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Washington, D. C. The subcommittee met at 10 a. m., Hon. Frank Fellows presiding:

Mr. Fellows. If the committee will come to order, we will proceed with further consideration of this proposed legislation, H. R. 5004.

This morning we have on our list the Honorable Bertrand W. Gearhart, a Member of Congress from California.



Mr. GEARHART. Mr. Chairman and members of the committee, I want to thank the committee for this privilege of appearing before you this morning in supoprt of this legislation. Others in this room are far more familiar with the technical provisions of the bill than I could possibly be. In the interest of brevity, and in recognition of their special knowledge of this general subject, I am passing over that phase of this inquiry. I know the measure has been very carefully analyzed by Dr. Judd in his presentation of last Monday. In the confidence that the immigration authorities will call the attention of the committee to any imperfections that might require correction, I will, with the committee's indulgence discuss the policies that are necessarily involved.

The spirit of the legislation is what has brought me here to raise my voice in support of what I think constitutes a modernization in our attitudes toward these recurring questions of immigration and naturalization, a modernization which has occurred in public thinking as a consequence of demonstrations of loyalty to our country by the so-called ineligible races during its great days of crisis.

I realize that the great share of the benefits which this act will carry will go to those of Japanese descent, and it is that phase of the bill that interests me the most. It is because I think we will be lifting from our minds an unreasoning prejudice which has oppressed us no end down through the years by the adoption of this legislation that inspires me to raise my voice in its support.

I have been raised among Japanese in great numbers. Years ago in the days of my childhood they began to settle around me, principally as farmers, people interested in the agricultural industry. As


time progressed, they were seen more frequently in the business and the professions of the community.

In all of our civic enterprises they were foremost in the promotional end. They always took a leading part in all of our patriotic celebrations. In the promotion of the general welfare, their cooperation was always generous and complete. As far as their record is concerned, it was one which should have instilled confidence, but, for reasons based upon fear, and I think in most cases now, looking back through the years, it was an unreasoning fear, we could not open our hearts to them and receive them with that ease of manner as we do and have done in the days gone by, in the case of those who came to live with us from other sections of the world.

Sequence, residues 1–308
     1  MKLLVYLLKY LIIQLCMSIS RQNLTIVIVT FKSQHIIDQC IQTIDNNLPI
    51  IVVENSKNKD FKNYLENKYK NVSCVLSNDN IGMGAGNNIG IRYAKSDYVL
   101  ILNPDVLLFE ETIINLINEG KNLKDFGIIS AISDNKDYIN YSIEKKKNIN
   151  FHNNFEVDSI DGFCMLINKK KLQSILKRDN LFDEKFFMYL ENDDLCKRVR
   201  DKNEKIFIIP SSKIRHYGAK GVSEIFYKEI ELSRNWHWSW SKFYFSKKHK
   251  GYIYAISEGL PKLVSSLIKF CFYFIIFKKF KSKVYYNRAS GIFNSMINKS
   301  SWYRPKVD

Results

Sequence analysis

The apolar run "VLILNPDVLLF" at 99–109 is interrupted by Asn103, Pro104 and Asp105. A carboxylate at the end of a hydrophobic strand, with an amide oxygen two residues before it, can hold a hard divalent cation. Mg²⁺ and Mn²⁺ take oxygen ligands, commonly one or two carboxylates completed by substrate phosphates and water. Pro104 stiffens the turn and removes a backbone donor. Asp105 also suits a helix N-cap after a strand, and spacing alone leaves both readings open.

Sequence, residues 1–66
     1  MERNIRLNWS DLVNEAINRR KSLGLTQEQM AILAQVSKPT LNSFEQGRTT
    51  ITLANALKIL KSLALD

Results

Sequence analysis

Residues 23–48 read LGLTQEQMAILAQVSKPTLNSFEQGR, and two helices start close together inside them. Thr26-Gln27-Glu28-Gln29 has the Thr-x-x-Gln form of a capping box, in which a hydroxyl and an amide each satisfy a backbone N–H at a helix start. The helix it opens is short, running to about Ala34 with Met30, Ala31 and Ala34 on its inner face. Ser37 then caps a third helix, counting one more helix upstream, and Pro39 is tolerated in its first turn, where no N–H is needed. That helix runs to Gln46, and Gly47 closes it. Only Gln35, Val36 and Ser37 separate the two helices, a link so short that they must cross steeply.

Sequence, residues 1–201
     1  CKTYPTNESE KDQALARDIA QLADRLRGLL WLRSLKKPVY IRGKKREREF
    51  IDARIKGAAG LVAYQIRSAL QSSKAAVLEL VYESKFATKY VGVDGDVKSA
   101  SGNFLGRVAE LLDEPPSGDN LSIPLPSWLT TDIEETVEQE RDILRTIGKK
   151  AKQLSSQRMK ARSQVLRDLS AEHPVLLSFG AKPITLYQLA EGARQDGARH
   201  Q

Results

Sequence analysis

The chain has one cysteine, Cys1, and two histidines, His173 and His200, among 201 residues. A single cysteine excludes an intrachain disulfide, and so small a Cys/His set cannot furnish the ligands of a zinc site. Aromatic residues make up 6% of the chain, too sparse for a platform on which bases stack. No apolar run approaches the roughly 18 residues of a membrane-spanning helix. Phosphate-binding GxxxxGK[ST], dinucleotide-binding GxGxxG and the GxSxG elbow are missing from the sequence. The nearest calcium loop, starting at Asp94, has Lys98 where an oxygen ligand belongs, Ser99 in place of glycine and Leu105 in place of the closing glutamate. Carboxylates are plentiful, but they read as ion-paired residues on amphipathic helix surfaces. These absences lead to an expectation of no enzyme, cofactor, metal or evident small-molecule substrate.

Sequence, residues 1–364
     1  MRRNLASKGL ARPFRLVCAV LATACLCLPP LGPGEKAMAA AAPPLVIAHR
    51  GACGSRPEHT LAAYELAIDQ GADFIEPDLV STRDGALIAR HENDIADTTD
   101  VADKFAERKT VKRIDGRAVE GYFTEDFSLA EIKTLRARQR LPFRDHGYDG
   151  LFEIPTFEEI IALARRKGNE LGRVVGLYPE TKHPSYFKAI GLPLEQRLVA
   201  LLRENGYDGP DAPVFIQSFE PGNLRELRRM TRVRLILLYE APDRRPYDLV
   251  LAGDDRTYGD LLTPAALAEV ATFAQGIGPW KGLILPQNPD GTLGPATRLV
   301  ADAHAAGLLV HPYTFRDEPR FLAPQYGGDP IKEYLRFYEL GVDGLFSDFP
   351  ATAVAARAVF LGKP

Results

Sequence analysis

But we did like them personally; every one of us was glad to call many of them personal friends. In business transactions they were as honest and as scrupulous as any group could possibly be. But, still there lurked in our minds a fear based upon a fact which we could not disregard, that is, that there was a great and unfriendly power rising in the Far East which we thought might have a greater claim on their loyalties, than any they might feel for the country that had offered them hospitality, a home, and opportunities far greater than any nation could offer.

That is a fear that has been completely disabused in the light of a great experience, an experience which must have been a very, very difficult one for those of Japanese descent, certainly a great and a difficult experience for Americans as well.

We have come through that war, and the record fails to disclose a single act of sabotage or disloyalty which can be charged against this race, save those who have foresworn their allegiance to our flag and taken up arms with the enemy. On the contrary, there is evidence defying contradiction of the undivided loyalty of the vast majority of their numbers to our cause. Their sacrifice, when measured in percentages, was very much greater than that of any other people who have come from afar to live with us here.

In my own country we had an actual demonstration, a demonstration of loyalty by these people, the nisei, as they are known. A recent survey conducted by the United Veterans of Fresno, an organization of World War II veterans, reveals that there are approximately 862 returned Nisei veterans who have reestablished themselves in central California. Among these there is 1 holder of the Distinguished Service Cross, 8 holders of the Silver Star, 46 holders of the Bronze Star, 236 holders of the Purple Heart, and a number, estimated to be about 351, who have been awarded the Presidential Unit Citation.

This survey further reveals the sad information that 27 of this Nisei contingent died in the service of the country that has denied their parents citizenship.

That is the nisei record of my home county. That is a most impressive demonstration of the loyalty, the bravery and the courage of these boys of Japanese descent, a demonstration that they are just as worthy of American citizenship as a race as are any of those who have their roots in European soil.

I have in my hands here a statement which I would like to read. It is entitled "The Japanese American Creed.” It was engrossed under the imprimatur of the Japanese American Citizens League, an organization headquartered in Salt Lake City. I quote: